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Year : 2020  |  Volume : 30  |  Issue : 4  |  Page : 513-516
Upper cervical spinal bronchogenic cyst: A rare lesion at an exceptional location

1 Department of Radio-Diagnosis, Pramukh Swami Medical College and Shree Krishna Hospital, Karamsad, Gujarat, India
2 Department of Pathology, Pramukh Swami Medical College and Shree Krishna Hospital, Karamsad, Gujarat, India

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Date of Submission18-Jun-2019
Date of Acceptance21-Sep-2020
Date of Web Publication13-Jan-2021


An intraspinal bronchogenic cyst is a rare but important cause of compressive cord myelopathy, commonly seen in the cervicothoracic spine. We report a case of a 30-year-old female, presented with complaints of neck pain and progressive weakness of the extremities. The magnetic resonance imaging of the cervical spine revealed an intradural extramedullary, well-defined, multiloculated, cystic lesion in the upper cervical canal extending from the C2 to C5 vertebral levels. To our knowledge, only 11 cases of spinal bronchogenic cysts have been reported in the literature so far. We discuss the rare location of this unusual lesion, possible embryological reasons, and the overall surgical outcome.

Keywords: Compressive myelopathy; extramedullary; intradural; Spinal bronchogenic cyst; upper cervical

How to cite this article:
Patel V, Desai S, Thakkar V, Chaudhari S. Upper cervical spinal bronchogenic cyst: A rare lesion at an exceptional location. Indian J Radiol Imaging 2020;30:513-6

How to cite this URL:
Patel V, Desai S, Thakkar V, Chaudhari S. Upper cervical spinal bronchogenic cyst: A rare lesion at an exceptional location. Indian J Radiol Imaging [serial online] 2020 [cited 2021 Jan 23];30:513-6. Available from:

   Introduction Top

Bronchogenic cysts are benign, congenital cystic lesions, and their location in the spine is extremely rare.[1] Bronchogenic cyst, is a rare cause of space-occupying lesion in the spinal canal, accounting for approximately 0.5’ of cases of cystic intraspinal lesions.[2] They arise as developmental abnormalities of the embryonic foregut. Hence, bronchogenic cysts are commonly seen in the posterior mediastinum, atypical locations include the pericardium, sternum, skin, and spinal cord.[3]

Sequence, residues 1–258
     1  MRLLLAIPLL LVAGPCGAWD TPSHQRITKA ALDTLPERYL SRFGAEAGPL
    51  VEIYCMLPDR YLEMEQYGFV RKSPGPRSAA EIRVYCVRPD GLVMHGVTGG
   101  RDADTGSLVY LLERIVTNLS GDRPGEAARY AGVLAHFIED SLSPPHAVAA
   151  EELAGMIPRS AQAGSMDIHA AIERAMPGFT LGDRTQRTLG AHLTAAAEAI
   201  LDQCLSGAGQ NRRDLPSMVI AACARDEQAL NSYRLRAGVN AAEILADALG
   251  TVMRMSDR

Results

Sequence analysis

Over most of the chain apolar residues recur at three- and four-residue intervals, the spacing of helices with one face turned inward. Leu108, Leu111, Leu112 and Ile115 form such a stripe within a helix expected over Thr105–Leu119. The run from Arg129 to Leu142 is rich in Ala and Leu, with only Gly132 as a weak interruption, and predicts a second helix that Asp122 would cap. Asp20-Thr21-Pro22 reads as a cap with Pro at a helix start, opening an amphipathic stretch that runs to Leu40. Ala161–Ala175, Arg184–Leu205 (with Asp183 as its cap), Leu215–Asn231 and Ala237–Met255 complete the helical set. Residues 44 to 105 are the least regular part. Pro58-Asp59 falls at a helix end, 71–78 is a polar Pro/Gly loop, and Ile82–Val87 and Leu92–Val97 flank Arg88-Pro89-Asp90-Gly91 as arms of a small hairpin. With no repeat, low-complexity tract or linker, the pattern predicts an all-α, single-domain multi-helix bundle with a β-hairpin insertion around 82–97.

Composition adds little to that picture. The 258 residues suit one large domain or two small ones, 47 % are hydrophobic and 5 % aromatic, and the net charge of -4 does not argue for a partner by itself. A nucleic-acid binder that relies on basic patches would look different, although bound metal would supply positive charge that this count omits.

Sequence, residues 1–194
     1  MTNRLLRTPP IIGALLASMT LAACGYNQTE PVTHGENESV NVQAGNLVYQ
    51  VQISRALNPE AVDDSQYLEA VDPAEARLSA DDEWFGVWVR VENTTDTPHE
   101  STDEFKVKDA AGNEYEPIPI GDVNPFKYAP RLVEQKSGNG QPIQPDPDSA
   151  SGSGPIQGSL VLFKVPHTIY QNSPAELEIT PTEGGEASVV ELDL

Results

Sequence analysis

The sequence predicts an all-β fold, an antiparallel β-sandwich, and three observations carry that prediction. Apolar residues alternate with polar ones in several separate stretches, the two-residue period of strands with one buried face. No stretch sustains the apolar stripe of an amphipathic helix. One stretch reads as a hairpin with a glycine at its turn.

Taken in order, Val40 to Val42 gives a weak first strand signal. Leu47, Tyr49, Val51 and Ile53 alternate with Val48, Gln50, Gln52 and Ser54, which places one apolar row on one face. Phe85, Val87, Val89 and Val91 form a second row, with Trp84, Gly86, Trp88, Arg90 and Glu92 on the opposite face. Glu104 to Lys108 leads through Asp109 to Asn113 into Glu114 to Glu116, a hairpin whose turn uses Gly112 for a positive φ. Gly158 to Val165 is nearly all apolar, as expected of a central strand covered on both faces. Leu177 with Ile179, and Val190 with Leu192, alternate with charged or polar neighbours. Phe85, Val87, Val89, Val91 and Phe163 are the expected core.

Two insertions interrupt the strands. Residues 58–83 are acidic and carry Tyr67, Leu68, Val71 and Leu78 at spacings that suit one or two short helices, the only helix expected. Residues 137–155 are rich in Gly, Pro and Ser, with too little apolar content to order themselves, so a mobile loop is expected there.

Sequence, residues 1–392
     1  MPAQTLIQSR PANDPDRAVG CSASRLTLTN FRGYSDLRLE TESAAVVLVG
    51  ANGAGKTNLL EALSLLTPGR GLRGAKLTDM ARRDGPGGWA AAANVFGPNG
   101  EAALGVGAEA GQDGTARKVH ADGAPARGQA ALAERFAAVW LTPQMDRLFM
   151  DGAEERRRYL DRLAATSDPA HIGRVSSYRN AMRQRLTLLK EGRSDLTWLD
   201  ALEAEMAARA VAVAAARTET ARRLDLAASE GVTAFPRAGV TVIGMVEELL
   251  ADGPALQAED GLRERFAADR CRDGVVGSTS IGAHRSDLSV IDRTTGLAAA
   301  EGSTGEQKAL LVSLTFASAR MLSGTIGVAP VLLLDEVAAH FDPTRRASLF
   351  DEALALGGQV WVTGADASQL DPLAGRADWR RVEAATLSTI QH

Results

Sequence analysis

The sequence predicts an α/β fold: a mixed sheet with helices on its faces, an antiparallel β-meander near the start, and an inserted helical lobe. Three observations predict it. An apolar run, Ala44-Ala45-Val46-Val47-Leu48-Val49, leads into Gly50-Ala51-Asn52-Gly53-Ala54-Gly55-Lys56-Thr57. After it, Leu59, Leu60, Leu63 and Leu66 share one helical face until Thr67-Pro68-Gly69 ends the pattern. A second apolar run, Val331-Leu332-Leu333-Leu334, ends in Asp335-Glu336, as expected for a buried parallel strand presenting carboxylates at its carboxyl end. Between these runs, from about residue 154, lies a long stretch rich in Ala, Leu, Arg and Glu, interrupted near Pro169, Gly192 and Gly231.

The most common location of a bronchogenic cyst in the spine is the lower cervical and upper thoracic segments and almost all the cysts have an intradural and extramedullary location.[4] The lesions enlarge slowly and cause compression of the spinal nerve root, anterior spinal artery and/or the spinal cord leading to symptoms of compressive myelopathy.[5] None of the complications secondary to ruptured cysts have been reported, such as chemical meningitis, abscess formation, and hydrocephalus. It is difficult to make the correct diagnosis before surgery due to rarity and nontypical signs, symptoms of presentation and equivocal imaging findings. Histological examination of the cyst is necessary for the confirmation of the diagnosis. A lining of pseudostratified ciliated columnar epithelium resembling respiratory epithelium is the diagnostic hallmark of a spinal bronchogenic cyst (SBC). Rarely, malignant transformation of these cysts has been described in the mediastinum but not in the spine.[6] To the best of our knowledge,only 11 cases of SBC have been reported.[7]

Cystic lesions common in this location include cystic schwannoma, epidermoid cyst, dermoid cyst, metastatic lesion. However, in a young patient bronchogenic cyst should also be considered in the differential diagnosis.

   Case Report Top

A 30-year-old female presented with complaints of insidious onset, gradually progressive neck pain and progressive weakness initially in the left upper limb followed by the involvement of the left lower limb and right upper limb associated with difficulty in holding objects, without any associated trauma or infection. On the central nervous system (CNS) examination, the patient was conscious with a Glass Glow Coma Score of 15/15 with a short neck. Power in the upper and lower limb was 4/5 with brisk deep tendon reflexes. Hofmann positive and jaw jerks were normal. Magnetic resonance imaging (MRI) of the cervical spine with contrast and whole spine screening was performed which revealed a well-defined, multiloculated elongated, rim enhancing, oval-shaped, and fluid signal intensity dorsal cystic mass [Figure 1]A, [Figure 1]B and [Figure 2]A, [Figure 2]B, measuring about 4.0 cm × 1.0 cm × 1.5 cm extending from the C2 to C5 vertebral levels. The lesion was located in the intradural, extramedullary compartment without any communication with the skin and subcutaneous tissue [Figure 3]. Inferiorly, the lesion obliterated the thecal sac and displaced and compressed the spinal cord anteriorly. An altered signal was seen in the cord just proximal to the cystic lesion at the level of the C1 vertebra suggesting focal cord edema. The patient underwent a C2 to C4 laminectomy and excision of the extramedullary lesion. Postoperatively, the patient had complete relief of symptoms. Histopathological examination of the specimen showed cysts lined by respiratory epithelium with sub epithelial seromucinous glands, cartilage, smooth muscles, and fibro adipose tissue along with stromal inflammation, lymphoid aggregates, and congestion, suggestive of a bronchogenic cyst. The patient was completely asymptomatic at the time of follow-up.
Figure 1 (A and B): (A and B ): T1w and T1w post contrast sagittal image showing fluid signal intensity dorsal cystic mass from the C2 to C5 vertebra

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Figure 2 (A and B): (A and B ): T2w and STIR axial image showing fluid signal intensity dorsal cystic mass